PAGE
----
June 15, 2014
June 15, 2014
June 18, 2014
Software Engineering Constituent Committee
24.1132.1 - 24.1132.20
Students vs. Professionals in Assisted Requirements Tracing: How Could We Train Our Students?AbstractAssisted requirements tracing (ART) skills are essential for new college graduates joining thesoftware industry as their initial assignments involve substantial tracing-related activities.Although studying human analysts in ART is an emerging research trend, how students mightbehave differently from software professionals is yet to be investigated. In this paper, wecompare the performances, processes, and strategies between students and software professionalsin carrying out ART tasks for an unfamiliar system. We observe that both students andprofessionals performing ART activities follow a generic four-phase problem solving process:define the problem, develop a plan, implement the plan, and evaluate the solution. We find thatstudents show significant deficiency in the overall problem solving process, whereasprofessionals follow unique and effective tracing techniques in defining the problem, and indeveloping and implementing the plan. We identify the improvement areas and propose a set oflearning activities for software engineering students to enhance their tracing skills. Weimplement two learning activities in a Software Requirements Engineering course and report ourexperience. Our study contributes to the improvement of training students in performing ARTand other information-intensive tasks in software engineering.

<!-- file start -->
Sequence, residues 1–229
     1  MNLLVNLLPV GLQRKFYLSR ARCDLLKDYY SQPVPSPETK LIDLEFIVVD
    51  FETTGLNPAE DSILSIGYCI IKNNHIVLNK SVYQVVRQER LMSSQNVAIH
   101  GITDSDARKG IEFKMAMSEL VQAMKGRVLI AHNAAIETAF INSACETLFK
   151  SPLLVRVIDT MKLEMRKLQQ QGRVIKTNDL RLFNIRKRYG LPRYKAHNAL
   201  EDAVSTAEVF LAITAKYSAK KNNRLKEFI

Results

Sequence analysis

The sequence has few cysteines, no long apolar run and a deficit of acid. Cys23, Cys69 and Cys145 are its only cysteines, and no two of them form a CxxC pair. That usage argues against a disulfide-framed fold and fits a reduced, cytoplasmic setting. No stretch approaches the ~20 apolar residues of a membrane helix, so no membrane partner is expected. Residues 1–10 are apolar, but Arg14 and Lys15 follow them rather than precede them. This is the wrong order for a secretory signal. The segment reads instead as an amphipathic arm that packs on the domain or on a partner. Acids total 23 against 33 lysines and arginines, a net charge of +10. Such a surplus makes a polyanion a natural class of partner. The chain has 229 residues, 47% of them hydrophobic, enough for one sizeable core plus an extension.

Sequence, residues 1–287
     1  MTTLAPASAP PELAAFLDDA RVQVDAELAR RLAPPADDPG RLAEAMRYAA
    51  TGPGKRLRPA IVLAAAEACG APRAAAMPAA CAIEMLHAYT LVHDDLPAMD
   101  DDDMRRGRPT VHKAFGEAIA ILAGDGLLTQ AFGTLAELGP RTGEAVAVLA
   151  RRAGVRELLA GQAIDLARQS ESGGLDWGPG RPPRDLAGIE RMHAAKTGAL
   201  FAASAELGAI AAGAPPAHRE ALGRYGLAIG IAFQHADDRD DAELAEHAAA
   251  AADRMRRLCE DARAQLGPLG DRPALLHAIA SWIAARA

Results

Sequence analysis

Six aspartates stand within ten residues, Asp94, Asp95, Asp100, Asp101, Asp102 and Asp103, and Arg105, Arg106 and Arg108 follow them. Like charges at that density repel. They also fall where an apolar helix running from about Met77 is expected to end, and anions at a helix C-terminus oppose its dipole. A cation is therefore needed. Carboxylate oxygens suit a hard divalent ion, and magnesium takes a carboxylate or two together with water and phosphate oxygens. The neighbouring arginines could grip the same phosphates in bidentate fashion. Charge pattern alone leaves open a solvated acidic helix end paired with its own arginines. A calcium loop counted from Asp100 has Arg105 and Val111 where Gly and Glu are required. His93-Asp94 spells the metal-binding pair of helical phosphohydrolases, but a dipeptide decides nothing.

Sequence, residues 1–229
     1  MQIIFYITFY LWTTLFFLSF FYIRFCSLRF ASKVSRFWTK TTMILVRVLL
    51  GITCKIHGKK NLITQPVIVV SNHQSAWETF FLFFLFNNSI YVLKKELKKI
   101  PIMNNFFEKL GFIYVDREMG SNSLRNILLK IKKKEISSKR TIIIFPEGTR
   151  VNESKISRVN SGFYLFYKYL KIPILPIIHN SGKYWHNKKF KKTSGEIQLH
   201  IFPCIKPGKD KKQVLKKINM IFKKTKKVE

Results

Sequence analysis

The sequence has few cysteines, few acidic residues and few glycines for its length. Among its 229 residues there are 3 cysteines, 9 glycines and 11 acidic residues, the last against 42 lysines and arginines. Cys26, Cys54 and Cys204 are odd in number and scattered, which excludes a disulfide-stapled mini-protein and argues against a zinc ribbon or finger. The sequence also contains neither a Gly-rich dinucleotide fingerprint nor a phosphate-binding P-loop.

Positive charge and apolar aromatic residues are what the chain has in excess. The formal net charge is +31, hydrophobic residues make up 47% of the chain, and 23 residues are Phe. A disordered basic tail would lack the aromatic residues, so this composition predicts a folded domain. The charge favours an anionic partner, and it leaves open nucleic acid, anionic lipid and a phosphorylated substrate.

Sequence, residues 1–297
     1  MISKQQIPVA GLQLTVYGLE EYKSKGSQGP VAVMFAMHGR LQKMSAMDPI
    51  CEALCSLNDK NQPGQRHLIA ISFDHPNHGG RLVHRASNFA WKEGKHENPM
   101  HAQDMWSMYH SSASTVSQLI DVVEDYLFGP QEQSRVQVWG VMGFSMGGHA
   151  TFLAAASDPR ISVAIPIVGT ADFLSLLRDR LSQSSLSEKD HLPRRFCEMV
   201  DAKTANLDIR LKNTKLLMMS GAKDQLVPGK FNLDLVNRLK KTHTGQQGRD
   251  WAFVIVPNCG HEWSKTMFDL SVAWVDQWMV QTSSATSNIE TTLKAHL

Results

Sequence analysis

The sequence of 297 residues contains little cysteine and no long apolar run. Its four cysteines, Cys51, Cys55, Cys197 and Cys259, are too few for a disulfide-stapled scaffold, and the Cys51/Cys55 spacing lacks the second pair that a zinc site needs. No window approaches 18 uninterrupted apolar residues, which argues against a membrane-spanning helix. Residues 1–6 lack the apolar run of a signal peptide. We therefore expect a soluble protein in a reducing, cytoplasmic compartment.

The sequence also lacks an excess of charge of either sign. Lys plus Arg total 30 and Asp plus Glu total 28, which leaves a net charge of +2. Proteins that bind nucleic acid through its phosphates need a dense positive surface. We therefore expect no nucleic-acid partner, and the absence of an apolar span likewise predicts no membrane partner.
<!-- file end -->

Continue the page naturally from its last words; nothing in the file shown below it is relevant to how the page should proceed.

Bhowmik, T., & Niu, N., & Reese, D. (2014, June), Students vs. Professionals in Assisted Requirements Tracing: How Could We Train Our Students? Paper presented at 2014 ASEE Annual Conference & Exposition, Indianapolis, Indiana. https://peer.asee.org/23065
ASEE holds the copyright on this document. It may be read by the public free of charge. Authors may archive their work on personal websites or in institutional repositories with the following citation: © 2014 American Society for Engineering Education. Other scholars may excerpt or quote from these materials with the same citation. When excerpting or quoting from Conference Proceedings, authors should, in addition to noting the ASEE copyright, list all the original authors and their institutions and name the host city of the conference. - Last updated April 1, 2015